Vietnamese cilantro (botanical name Polygonum odoratum) belongs to the family Polygonaceae. This climbing/ creeping herb is native to Southeast Asia. This plant produces pointed leaves and minor pink-hued blooms. It has a potent, hot mint-like flavour and should always be used in reasonable amounts. This herb is present in supplementation and also used in cooking and baking for garnishing.
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Vietnamese cilantro is a tender perennial plant and, in places having temperate climatic conditions, this herb is generally grown as an annual plant or indoors during the winter. This herb multiplies rapidly to form colonies. The herb's stalks tumble and start rooting at its tip. This plant belongs to the genus, which also includes the well-known knotweed and smartweed.
This perennial herb grows best in places lying in the tropical as well as sub-tropical zones, where the conditions are warm and humid. When cultivated in favourable conditions, the Vietnamese cilantro plants may grow up to a height of anything between 15 cm and 30 cm. The plants are likely to wither during the winter or when the temperature shoots up.
The upper surface of Vietnamese cilantro leaves has a deep green with chestnut-hued spots. The bottom side of the leaf has a burgundy color. Each leaf is joined to the stem individually. This herb is found growing in the wild in Vietnam, where the plant is also cultivated extensively. In non-tropical climatic conditions, like in Europe, this plant grows excellently even when cultivated outdoors during the summer. The Vietnamese cilantro has a preference for full sunlight and soils that are well-drained. However, it is important to bring the plant indoors and grown as a house plant. The Vietnamese cilantro seldom blossoms when it is grown in places not having tropical climatic conditions. The leaves, however, possess a potent aroma and flavour, ideal for culinary purposes.
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The Vietnamese cilantro yields an essential oil called kesom oil. This oil has high demand in the processed food industry where it is used in the form of a natural food essence. In addition, the cosmetic industry also uses kesom oil.
Many consider the Vietnamese cilantro to be a mystifying and exotic herb. It is a small plant belonging to the genus Polygonum and is frequently employed in Vietnamese cuisines as a substitute for peppermint. On the other hand, most of us are very familiar with the common cilantro, which is used in Salsa, and people across the globe also use the Vietnamese cilantro in several different ways.
Basically, there are three plants that are recognized for their typical 'cilantro' flavour. In addition to the Vietnamese cilantro and the common cilantro (Coriandrum sativum), the third plant in this group is Culantro (botanical name Eryngium foetidium). Although the flavour of the Vietnamese cilantro differs largely from that of Coriandrum sativum, it is much easy to grow the former plant.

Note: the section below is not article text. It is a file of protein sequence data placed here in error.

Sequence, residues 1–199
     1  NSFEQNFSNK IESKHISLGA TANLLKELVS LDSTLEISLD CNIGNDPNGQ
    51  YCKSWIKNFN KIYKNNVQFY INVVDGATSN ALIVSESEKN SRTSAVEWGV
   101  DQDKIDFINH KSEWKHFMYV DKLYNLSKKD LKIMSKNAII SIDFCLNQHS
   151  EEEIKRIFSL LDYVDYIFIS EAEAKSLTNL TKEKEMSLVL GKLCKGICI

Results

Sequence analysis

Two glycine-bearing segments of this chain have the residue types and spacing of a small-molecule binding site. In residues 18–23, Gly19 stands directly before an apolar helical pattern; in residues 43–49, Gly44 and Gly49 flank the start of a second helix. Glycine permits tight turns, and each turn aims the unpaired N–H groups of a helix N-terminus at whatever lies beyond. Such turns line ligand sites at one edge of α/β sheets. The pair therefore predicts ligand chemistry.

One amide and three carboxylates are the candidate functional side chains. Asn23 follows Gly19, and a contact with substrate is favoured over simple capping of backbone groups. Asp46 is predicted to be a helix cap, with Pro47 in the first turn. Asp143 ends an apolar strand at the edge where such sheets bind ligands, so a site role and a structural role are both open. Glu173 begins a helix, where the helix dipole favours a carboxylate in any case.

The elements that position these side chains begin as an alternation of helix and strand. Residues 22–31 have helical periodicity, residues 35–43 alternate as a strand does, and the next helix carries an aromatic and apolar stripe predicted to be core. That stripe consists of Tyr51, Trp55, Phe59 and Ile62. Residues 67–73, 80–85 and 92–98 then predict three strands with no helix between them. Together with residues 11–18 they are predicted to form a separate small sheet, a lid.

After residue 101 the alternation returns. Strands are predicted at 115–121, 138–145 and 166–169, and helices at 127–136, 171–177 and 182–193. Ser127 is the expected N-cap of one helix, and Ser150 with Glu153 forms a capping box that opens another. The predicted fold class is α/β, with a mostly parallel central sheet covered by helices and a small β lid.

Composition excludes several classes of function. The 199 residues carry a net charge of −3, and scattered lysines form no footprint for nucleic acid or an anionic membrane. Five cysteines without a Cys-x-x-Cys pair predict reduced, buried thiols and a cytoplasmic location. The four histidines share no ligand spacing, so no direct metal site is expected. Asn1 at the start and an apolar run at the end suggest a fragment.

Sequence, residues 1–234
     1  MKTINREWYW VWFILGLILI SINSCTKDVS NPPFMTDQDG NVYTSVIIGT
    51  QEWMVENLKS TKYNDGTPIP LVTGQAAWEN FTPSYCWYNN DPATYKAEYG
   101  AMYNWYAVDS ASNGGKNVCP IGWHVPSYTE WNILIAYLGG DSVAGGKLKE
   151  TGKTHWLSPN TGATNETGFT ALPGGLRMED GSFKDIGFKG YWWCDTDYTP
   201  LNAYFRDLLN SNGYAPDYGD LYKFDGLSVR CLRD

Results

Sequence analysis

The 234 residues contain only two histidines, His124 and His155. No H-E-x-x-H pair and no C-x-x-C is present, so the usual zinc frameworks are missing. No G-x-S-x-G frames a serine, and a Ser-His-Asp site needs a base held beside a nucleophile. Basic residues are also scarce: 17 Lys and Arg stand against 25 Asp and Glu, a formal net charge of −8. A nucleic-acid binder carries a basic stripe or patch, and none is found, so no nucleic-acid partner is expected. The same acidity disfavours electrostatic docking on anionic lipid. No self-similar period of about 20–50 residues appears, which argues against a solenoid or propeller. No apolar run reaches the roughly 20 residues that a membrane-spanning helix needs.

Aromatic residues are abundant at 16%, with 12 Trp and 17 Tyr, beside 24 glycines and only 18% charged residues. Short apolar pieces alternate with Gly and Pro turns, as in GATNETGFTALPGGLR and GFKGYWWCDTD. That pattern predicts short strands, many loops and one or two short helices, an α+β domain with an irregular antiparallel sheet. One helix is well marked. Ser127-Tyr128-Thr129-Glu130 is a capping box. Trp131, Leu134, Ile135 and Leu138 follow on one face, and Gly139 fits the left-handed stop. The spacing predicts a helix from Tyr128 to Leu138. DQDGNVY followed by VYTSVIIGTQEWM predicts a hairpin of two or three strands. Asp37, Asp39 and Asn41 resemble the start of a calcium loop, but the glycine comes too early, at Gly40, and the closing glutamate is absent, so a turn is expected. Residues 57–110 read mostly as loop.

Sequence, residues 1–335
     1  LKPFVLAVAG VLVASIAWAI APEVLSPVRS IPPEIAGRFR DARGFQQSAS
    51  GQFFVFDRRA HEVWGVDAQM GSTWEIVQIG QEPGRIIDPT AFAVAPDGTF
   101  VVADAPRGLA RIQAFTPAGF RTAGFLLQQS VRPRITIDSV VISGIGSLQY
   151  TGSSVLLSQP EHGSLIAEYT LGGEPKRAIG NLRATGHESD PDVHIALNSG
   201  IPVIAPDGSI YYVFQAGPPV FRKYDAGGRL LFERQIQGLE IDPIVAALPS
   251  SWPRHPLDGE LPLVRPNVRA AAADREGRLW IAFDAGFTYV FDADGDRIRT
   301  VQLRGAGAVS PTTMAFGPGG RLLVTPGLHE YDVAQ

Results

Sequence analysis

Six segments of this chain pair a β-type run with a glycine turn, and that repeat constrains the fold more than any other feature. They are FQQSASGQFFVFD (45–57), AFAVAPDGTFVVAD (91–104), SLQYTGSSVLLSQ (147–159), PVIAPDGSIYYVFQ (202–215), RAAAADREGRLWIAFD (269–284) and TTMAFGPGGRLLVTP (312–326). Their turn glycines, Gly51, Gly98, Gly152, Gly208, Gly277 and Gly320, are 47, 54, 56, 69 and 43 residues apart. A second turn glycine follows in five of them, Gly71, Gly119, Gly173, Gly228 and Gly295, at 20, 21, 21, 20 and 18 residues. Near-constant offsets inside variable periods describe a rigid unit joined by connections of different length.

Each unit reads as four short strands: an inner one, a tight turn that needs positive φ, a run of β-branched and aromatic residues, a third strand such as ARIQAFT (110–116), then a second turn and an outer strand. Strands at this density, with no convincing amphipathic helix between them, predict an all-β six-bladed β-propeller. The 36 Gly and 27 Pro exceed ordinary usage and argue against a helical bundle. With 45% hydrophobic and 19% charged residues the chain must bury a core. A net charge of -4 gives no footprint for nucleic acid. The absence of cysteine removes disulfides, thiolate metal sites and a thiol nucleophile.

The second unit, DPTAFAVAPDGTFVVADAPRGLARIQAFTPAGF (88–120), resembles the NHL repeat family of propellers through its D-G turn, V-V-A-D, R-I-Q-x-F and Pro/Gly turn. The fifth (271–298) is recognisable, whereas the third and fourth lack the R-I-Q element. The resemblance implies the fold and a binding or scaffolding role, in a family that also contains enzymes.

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As said before the Vietnamese cilantro can also be grown as a perennial in hot climatic conditions, but the plant withers when the temperature rises to 32°C or above. Usually, the plant is cultivated in a big container all through its growing season. It is essential to bring the plant indoors prior to the first frost of the season.
Polygonum, the genus name of the plant, has reference to the several segments of the plant's stems that grow roughly from one joint to another. The plant has a rapid growth and may soon outgrow the container in which it is grown. In case the plant becomes larger than the container, it no longer produces its lettuce-like leaves and requires transplanting into a bigger container or dividing and growing in separate containers. Subject to the size of the original container as well as the growing conditions, this may occur many times in a single growing season. The Vietnamese cilantro is an excellent ground cover and basically grows under the canopy of trees. It grows best in the afternoon shade or during the day when it receives sunlight filtered by trees and lots of water.
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The leaves of the Vietnamese cilantro, which have a deep green surface with maroon spots and burgundy colored underside very similar to lettuce leaves, are generally used fresh. Tender Vietnamese cilantro leaves have the best flavour. As these leaves mature, they become firm and leather-like, while their flavour is somewhat pungent or acrid.
You may restrain the Vietnamese cilantro's growth by cutting it down to the ground whenever you wish during the plant's growing season. Doing this will help the plant to produce additional fresh and tender leaves. In case you find that the growth of the plant has retarded after you have cut it back, it is possible that the plant requires being divided or repotting.